Remember your first day of kindergarten? Whether you do or not, intuitively, it seems obvious that if you are nurtured by a group of people during the first five years of your life, getting separated on a regular basis from these people might be an unsettling experience. But are you aware of how your early life shaped your behaviour?
Marco Battaglia, a professor of psychiatry at Université Laval who specializes in developmental psychology, has some answers to this question. “I find separation anxiety in children to be a fascinating subject,” Battaglia told The Daily. “Separation anxiety is a great origination of evolution [that] has come to all mammals with parenting, the process of taking care of one’s offspring.”
While it is considered natural to experience some level of anxiety when facing separation from an attachment figure, such as a child’s parents, in preschool years, separation anxiety disorder (SAD) arises when a child’s response to this separation become excessive and uncharacteristic of the child’s age. Symptoms of SAD include persistent stress and worry related to such separation. In a study published in the Journal of Child Psychology and Psychiatry in April 2015, Battaglia and colleagues from several universities, most of which are in Quebec, looked at 1,933 families with children ages 1.5 to six years and attempted to identify patterns in the development of SAD, including risk factors. While the vast majority of the subjects showed greatly reduced symptoms by the time they were six years old, 6.9 per cent were identified as having “high-increasing” symptoms.
“What is perhaps the most interesting aspect of the high-increasing group is that it was the closest to having purely internalized behaviours,” Battaglia pointed out. In contrast with external behaviours, such as physical aggressiveness toward others, internalized behaviours include withdrawing from social interactions and repressing feelings.
Battaglia suggests that teachers could be very helpful in spotting and assessing SAD in children. His recent study looks at kindergarten teachers’ ratings of separation anxiety. When asked if he thought teachers were properly equipped to deal with cases of SAD, Battaglia said, “I found teachers in [the] different Western cultures in which I have conducted research to be, on average, really good sources who are fairly well-equipped with basic psychology.” The different angle they offer on a child’s behaviour also turns out to be an insightful perspective, as a child may act differently in the presence of parents versus in the presence of friends at school. This is why speaking to sources external to the family can be valuable, especially since children usually spend most of their time with other children. “If both the parents and the teachers notice the same thing, then it is more likely something true,” Battaglia noted.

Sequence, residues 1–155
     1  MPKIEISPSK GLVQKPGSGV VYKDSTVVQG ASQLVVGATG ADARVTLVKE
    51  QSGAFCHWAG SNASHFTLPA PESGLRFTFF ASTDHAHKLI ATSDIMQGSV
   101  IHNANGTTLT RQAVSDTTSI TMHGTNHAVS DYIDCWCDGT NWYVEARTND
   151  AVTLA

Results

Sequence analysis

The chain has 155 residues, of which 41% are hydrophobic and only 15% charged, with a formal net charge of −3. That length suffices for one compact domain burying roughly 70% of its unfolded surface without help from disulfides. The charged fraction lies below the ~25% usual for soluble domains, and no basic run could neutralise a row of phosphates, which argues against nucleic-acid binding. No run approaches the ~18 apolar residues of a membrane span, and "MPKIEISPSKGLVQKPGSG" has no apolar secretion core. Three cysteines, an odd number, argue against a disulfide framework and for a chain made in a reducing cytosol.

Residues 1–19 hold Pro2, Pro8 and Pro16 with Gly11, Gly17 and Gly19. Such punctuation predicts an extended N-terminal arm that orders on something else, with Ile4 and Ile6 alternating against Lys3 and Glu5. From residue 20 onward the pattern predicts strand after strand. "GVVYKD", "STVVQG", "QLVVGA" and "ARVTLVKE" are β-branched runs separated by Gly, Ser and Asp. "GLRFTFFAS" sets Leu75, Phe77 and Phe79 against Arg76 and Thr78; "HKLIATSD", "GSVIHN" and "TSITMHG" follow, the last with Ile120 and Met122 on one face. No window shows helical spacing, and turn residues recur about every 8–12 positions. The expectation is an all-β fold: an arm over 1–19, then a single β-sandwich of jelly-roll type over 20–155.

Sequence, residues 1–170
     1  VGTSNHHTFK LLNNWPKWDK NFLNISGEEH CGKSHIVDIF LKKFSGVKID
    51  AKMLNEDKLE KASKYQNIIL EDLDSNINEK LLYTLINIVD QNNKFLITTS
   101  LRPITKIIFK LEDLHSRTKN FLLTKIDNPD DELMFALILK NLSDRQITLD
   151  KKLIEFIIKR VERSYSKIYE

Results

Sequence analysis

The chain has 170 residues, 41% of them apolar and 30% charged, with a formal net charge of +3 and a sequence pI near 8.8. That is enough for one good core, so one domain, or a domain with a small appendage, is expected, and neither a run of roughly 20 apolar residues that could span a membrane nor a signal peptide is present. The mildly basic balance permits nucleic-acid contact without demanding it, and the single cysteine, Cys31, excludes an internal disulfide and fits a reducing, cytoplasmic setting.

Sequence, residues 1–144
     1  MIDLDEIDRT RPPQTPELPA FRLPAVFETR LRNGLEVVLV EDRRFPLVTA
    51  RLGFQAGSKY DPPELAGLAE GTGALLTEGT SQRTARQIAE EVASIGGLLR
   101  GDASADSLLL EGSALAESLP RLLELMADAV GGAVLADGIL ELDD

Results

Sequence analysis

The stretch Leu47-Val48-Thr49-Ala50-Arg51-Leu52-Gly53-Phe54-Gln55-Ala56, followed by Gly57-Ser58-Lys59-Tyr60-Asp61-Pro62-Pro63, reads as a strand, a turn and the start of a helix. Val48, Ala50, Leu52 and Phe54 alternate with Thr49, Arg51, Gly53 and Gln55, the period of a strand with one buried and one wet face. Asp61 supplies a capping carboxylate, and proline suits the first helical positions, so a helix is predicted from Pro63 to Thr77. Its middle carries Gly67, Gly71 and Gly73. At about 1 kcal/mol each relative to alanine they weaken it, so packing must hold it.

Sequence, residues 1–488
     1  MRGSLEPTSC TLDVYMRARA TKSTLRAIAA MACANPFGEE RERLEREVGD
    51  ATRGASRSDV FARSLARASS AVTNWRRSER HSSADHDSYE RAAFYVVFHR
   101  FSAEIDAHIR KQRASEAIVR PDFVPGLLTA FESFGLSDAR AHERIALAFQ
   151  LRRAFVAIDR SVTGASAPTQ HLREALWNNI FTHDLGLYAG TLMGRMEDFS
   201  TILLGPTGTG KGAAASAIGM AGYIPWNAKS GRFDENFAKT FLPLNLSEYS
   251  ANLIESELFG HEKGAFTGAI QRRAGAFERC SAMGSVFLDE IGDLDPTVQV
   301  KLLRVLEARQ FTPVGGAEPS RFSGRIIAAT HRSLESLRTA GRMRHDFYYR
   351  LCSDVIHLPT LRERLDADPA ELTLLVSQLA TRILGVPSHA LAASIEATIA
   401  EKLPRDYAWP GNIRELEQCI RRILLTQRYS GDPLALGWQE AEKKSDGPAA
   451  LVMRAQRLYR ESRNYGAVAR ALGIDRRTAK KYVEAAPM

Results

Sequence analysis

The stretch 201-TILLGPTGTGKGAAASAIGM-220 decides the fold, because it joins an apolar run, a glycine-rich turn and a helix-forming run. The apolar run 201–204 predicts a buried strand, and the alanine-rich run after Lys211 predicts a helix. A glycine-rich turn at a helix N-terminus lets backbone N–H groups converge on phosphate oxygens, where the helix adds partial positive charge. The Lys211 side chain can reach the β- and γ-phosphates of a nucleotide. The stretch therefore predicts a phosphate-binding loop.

A striking feature of SAD in children is that it is not limited to separation from parents or their principal caregiver, as humans have the ability to form multiple figures of attachment. A 1988 study published in Developmental Psychology and conducted in kibbutz communities, communal settlements in Israel, investigated this capacity. “While kibbutz children know who their mothers or their fathers are, they can be raised by several figures. A few studies suggest that, on average, they may have less of a capacity to deal with separation and build autonomous attachment,” the study notes. For instance, separation from grandparents and siblings can also result in anxiety for a child. As for how many figures constitute the upper threshold for strong attachments, Battaglia estimates that humans are capable of building “more than two, but certainly less than ten.” This study sheds light on the impact of caregiving figures in a child’s life beyond their principal guardians.
Although how SAD affects children is fairly well-established, the extent to which it can evolve into adulthood is controversial. “Some of my colleagues support the presence of separation anxiety in adults. I am personally more reserved,” Battaglia said. According to the current edition of the Diagnostic and Statistical Manual of Mental Disorders (DSM-5), the guideline for diagnosing SAD in children under 18 is to observe persistent symptoms over at least four weeks, while a period of six months is recommended for adults. “The rationale for the DSM rules is data. I feel [there is a] need for more data on SAD in adulthood,” said Battaglia. “Besides, there is still so much to learn from separation anxiety in childhood.”